Length: 832 Pages
Selected as a Book of the Year 2019 by the SPECTATOR, TELEGRAPH, NEW STATESMAN and FINANCIAL TIMES
'Definitive and delightful' Stephen Fry
'There can be no doubting the brilliance - the sheer explanatory vigour - of Moser's biography... a triumph of the virtues of seriousness and truth-telling that Susan Sontag espoused' New Stateman
The definitive portrait of one of the twentieth century's most towering figures: her writing and her radical thought, her public activism and her private face
Susan Sontag was our last great literary star. Her brilliant mind, political activism and striking image made her an emblem of the seductions - and the dangers - of the twentieth-century world.
Her writing on art and politics, feminism and homosexuality, celebrity and style, medicine and drugs, Fascism and Freudianism, Communism and Americanism, reflected the conflicted meanings of a most conflicted word: modernity. She was there when the Cuban Revolution began and the Berlin Wall came down, in Vietnam under American bombardment, in wartime Israel. Sontag tells these stories and examines the work upon which her reputation was based, exploring the private woman hidden behind the formidable public face.
Drawing on hundreds of interviews conducted from Maui to Stockholm and from Manhattan to Sarajevo - and featuring nearly one hundred images, many never seen before - Sontag is the first book based on the writer's restricted archives, and on access to many people who have never before spoken about her, including Annie Leibovitz. It is an indelible portrait of one of the twentieth century's greatest thinkers, who lived one of that century's most romantic - and most anguished - lives.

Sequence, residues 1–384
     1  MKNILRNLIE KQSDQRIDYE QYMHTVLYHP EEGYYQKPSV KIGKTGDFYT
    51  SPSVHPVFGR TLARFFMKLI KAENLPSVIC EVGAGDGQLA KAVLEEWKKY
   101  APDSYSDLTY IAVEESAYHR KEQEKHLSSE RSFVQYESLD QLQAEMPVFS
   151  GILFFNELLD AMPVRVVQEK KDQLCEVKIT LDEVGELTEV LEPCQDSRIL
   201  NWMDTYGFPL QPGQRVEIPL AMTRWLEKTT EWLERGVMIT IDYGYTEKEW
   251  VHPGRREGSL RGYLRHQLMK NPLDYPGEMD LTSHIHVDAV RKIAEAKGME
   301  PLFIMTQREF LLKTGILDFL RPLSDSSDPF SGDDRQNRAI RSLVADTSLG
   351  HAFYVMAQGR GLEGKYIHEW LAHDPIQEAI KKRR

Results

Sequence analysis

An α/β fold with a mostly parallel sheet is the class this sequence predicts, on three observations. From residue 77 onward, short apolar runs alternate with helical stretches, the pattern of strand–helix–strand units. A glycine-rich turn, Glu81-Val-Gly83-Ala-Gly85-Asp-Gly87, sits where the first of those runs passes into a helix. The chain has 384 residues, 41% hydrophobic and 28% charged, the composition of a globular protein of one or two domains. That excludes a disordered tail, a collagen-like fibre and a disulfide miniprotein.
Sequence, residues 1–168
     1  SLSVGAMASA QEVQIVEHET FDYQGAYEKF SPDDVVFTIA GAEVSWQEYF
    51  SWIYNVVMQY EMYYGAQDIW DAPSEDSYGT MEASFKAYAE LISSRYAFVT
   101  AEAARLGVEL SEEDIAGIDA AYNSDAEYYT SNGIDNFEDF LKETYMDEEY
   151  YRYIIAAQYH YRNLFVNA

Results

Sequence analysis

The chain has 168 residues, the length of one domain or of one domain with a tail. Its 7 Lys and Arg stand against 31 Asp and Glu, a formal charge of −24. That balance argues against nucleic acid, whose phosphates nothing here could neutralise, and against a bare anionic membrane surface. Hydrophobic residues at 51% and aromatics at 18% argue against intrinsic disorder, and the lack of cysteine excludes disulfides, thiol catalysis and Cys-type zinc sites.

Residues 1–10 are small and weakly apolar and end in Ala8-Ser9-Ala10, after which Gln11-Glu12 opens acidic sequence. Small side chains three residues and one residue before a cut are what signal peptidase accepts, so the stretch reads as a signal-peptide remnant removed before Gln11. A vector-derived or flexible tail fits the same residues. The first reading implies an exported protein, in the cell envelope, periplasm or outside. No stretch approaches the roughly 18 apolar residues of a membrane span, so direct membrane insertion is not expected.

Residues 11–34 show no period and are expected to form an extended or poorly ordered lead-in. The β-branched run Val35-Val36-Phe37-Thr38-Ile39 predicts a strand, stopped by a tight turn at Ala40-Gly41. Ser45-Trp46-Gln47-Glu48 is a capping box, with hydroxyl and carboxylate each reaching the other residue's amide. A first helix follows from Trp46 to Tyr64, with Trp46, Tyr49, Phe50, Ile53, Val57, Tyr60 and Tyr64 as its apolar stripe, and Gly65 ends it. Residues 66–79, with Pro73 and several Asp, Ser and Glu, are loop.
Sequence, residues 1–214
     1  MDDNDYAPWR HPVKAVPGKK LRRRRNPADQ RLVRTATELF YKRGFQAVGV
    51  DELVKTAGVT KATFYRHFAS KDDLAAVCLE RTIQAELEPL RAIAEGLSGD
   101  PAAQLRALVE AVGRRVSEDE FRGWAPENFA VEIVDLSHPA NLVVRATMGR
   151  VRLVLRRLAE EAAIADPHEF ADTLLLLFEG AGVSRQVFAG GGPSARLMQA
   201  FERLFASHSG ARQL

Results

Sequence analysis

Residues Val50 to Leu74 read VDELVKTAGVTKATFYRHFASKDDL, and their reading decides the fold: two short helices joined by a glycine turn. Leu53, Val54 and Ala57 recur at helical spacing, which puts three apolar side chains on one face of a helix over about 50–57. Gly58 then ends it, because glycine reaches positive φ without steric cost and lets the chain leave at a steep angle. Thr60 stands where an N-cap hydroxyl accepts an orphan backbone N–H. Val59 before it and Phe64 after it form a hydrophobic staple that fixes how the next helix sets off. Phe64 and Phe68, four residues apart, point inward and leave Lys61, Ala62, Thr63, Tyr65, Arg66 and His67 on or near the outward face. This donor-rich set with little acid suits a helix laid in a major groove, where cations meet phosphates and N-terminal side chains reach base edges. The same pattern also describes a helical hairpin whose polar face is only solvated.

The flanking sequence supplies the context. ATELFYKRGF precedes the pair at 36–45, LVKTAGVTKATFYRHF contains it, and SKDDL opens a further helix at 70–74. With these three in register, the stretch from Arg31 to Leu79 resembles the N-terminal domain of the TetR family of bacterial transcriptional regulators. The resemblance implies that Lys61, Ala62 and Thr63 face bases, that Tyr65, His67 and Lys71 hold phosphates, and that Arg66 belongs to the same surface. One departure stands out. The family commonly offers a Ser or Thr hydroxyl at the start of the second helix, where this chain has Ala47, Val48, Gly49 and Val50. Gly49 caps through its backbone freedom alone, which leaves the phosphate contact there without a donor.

Length: 832 Pages
Moser intelligently brings together both public and private, onstage and off-. His scrutiny of her essays, fiction, films, and political activism is clear-eyed, his analysis of her tumultuous affective life sympathetic... Sontag offers a thoroughly researched chronicle of an unparalleled American figure and the institutions tied to her... deft and sometimes dishy
Moser does rather a brilliant job...we have Sontag as daughter, friend, lover, wife and mother, but Moser's writing is appropriately bold and anecdotal, so there is less the feeling of years accrued than of selves tried out. He's an essayist, taking on an essayist, and his best passages are biographical readings of her writing. His assessment of her novels is punchy and insightful...this biography keeps her defiantly alive: argumentative, wilful, often right, always interesting, encouraging us to up our game as we watch her at the top of hers
Moser is good at elucidating Sontag's ideas and putting into context the fecundity of her thought. He discusses her "Olympian" sex life with sympathy and insight - her galaxy of lovers included Bobby Kennedy, Jasper Johns, Warren Beatty and Annie Leibovitz - and is unbiased when it comes to evaluating her writing
Moser's socially panoramic, psychologically incisive biography does a superb job of charting Sontag's self-invention
There can be no doubting the brilliance - the sheer explanatory vigour - of Moser's biography... a triumph of the virtues of seriousness and truth-telling that Susan Sontag espoused again and again but was conspicuously and often quite consciously unable to force herself to live by.
Moser has had the confidence and erudition to bring all of [Sontag's] contradictory aspects together in a biography fully commensurate with the scale of his subject. He is...a gifted, compassionate writer.
A portrait of the intellectual conscience of the babyboomer generation - faults and all
sensational...provides an indelible portrait of a personality, a career and various milieu
evocative and entertaining...Moser renders Sontag's ascent to intellectual stardom as a rich and often rollicking affair
An exhausting biography about an exhausting woman that will keep you up nights greedily reading all 800 pages until you pass out exhausted yourself - exhilarated and amazed at this difficult, brilliant but clueless writer's life.